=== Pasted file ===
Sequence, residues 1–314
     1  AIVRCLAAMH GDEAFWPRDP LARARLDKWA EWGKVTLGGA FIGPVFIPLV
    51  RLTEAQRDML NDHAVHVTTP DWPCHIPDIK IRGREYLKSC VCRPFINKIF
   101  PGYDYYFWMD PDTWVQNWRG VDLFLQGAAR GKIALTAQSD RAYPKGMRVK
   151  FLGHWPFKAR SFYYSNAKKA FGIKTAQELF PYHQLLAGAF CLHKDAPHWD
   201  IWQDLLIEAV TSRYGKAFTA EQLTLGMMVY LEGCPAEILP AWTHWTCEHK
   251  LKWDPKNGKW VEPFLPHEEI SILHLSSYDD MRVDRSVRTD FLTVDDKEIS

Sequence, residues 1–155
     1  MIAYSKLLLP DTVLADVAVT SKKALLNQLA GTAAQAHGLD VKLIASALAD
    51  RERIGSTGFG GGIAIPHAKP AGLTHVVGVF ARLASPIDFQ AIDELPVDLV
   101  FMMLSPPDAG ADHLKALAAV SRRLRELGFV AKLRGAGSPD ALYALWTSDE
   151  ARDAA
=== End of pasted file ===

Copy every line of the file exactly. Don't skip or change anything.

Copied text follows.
Sequence, residues 1–314
     1  AIVRCLAAMH GDEAFWPRDP LARARLDKWA EWGKVTLGGA FIGPVFIPLV
    51  RLTEAQRDML NDHAVHVTTP DWPCHIPDIK IRGREYLKSC VCRPFINKIF
   101  PGYDYYFWMD PDTWVQNWRG VDLFLQGAAR GKIALTAQSD RAYPKGMRVK
   151  FLGHWPFKAR SFYYSNAKKA FGIKTAQELF PYHQLLAGAF CLHKDAPHWD
   201  IWQDLLIEAV TSRYGKAFTA EQLTLGMMVY LEGCPAEILP AWTHWTCEHK
   251  LKWDPKNGKW VEPFLPHEEI SILHLSSYDD MRVDRSVRTD FLTVDDKEIS

Sequence, residues 1–155
     1  MIAYSKLLLP DTVLADVAVT SKKALLNQLA GTAAQAHGLD VKLIASALAD
    51  RERIGSTGFG GGIAIPHAKP AGLTHVVGVF ARLASPIDFQ AIDELPVDLV
   101  FMMLSPPDAG ADHLKALAAV SRRLRELGFV AKLRGAGSPD ALYALWTSDE
   151  ARDAA